2016 was a year that teemed with memorable moments, from the Cubs winning a World Series for the first time in over a century to a grueling election season with results that–to put it mildly–proved divisive to American citizens. Perhaps the most surprising facet of the sixteenth year of the new millennium came not from the annals of sports or politics, but pop culture. Last year was deemed “The Year of Death,” as an unusual number of actors and musicians passed from this world. Many of these people were not of the character actor, “where have I seen this guy before” variety, but titanic icons whose names conjure immediate images: David Bowie, Prince, Alan Rickman, George Michael.
And, of course, Carrie Fisher, who passed away in the final week of 2016 after suffering a massive heart attack.
I am an honest man, and I am not ashamed to tell you that I teared up several times that day when I heard the news. It wasn’t just me; countless others poured their love for the woman behind Princess Leia throughout social media, sharing their thoughts on their favorite scenes, her best performances, and personal interactions. Players on The Old Republic even held a vigil at the video game version of Leia’s home.
From an outsider’s perspective it seems a bit bizarre, perhaps a little crazy. Why would anyone care about the passing of a celebrity– a person who holds no role in our lives, never called our names nor supped at our dining table? Why mourn somebody you never even knew?
Some would argue that it is the product of a society that worships celebrity, that our culture is obsessed with the lifestyles of the rich and famous to the point that we attach a piece of ourselves to these personalities in a vain attempt to live vicariously in their opulent world. In part this may be true; we are, after all, a nation of people who react with fervor every time that Kim Kardashian posts a selfie on Instagram.
It is more likely, however, that we mourn the passing of a celebrity not because we desire to connect with their world, but because the celebrities form connections to our own reality through their art.
We are all affected by art in grandiose and subtle ways. It inspires us, thrills us and even influences our critical thinking. And art not only comes in framed works and marble sculptures at the museum; we are surrounded by it in ways we don’t even recognize. David Bowie gave you the courage to pick up a guitar, but it was the golden brown latticework on the top of your grandmother’s apple pie that inspired you to don an apron and bake your first cake from scratch. It was Alan Rickman’s nuanced performances that motivated you to audition for community theater, but it was seeing your father’s passion for rebuilding that old Mustang that lead to your career in engineering.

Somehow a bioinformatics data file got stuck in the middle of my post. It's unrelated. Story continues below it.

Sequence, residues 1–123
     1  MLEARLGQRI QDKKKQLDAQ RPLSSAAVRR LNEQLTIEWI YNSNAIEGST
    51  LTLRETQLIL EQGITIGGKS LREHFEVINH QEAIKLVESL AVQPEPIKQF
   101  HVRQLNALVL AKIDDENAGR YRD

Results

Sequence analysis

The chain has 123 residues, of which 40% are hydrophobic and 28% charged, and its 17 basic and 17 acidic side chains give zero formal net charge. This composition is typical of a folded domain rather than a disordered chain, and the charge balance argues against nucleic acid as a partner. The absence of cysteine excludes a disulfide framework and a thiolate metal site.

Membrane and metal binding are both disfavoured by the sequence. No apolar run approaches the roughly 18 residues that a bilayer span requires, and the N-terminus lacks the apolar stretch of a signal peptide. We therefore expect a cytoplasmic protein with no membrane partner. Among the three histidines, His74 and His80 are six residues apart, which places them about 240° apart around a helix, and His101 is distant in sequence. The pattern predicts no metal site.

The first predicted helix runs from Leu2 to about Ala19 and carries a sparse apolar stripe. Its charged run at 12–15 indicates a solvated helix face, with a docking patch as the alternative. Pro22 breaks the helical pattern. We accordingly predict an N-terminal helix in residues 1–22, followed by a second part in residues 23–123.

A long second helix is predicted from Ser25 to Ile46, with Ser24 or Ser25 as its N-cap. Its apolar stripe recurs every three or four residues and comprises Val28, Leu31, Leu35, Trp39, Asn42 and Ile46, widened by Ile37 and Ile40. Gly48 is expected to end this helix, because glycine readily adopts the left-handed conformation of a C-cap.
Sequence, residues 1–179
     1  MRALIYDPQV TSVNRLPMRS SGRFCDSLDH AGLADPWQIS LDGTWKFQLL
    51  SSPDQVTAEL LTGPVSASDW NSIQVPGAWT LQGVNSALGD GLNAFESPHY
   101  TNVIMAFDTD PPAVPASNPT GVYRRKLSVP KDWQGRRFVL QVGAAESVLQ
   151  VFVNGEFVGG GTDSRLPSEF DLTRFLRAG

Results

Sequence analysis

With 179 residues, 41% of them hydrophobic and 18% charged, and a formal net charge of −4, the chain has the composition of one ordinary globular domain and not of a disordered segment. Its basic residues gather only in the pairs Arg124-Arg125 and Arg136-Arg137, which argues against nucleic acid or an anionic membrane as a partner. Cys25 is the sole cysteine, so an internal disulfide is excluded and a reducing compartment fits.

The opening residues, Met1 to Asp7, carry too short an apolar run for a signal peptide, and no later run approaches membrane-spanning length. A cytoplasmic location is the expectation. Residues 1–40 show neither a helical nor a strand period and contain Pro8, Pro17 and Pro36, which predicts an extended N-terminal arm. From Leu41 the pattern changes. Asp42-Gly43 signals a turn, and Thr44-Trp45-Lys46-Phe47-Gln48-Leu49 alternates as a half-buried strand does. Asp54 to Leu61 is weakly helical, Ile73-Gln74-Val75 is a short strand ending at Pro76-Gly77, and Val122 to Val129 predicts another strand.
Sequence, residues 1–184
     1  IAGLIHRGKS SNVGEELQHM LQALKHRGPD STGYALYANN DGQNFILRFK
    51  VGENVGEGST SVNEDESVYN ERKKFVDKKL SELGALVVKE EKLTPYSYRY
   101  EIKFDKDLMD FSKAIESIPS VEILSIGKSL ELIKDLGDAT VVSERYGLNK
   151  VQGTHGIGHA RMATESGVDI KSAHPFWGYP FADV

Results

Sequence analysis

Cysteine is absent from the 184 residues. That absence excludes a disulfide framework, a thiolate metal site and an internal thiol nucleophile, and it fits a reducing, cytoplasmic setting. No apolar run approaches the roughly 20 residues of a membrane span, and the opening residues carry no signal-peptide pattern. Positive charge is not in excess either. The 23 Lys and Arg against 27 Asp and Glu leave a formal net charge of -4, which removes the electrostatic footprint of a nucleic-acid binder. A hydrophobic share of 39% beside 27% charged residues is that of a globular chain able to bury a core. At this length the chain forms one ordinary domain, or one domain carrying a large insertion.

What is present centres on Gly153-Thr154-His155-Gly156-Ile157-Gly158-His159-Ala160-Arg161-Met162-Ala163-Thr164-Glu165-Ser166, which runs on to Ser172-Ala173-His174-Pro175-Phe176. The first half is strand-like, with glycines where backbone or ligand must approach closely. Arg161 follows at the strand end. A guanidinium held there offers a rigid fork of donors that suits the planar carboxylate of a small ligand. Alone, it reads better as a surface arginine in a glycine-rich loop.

Your preacher’s eloquently crafted sermon moved you to volunteer at the homeless shelter, but it was Carrie Fisher that taught you that you can be a flawed human being and still save the galaxy.
When an artist dies, we are forced to recall the lasting impression that their works have made on our lives, the memories and the lessons. We remember the first time we saw Princess Leia on the big screen, standing up to Darth Vader, and we think, “that was the first time that I was shown that a female can be both a damsel in distress and a hero at the same time.” We also think of our departed grandmother and our mouths fill with the taste of her pie. The artist may be gone but the work they left behind endures as long as there are people who cherish, study and learn from it.
So yes, it is ok if you shed a tear, or get choked up a little, when the death of someone famous stirs up emotions inside you. They may never be your friends, nor your family, but their works are the blood that bonds you together.
In memory of everyone–famous or not–that passed in 2016.
Got something to say? Send me a message at firstname.lastname@example.org.
This is the podcast you’re looking for!Powered by Sidelines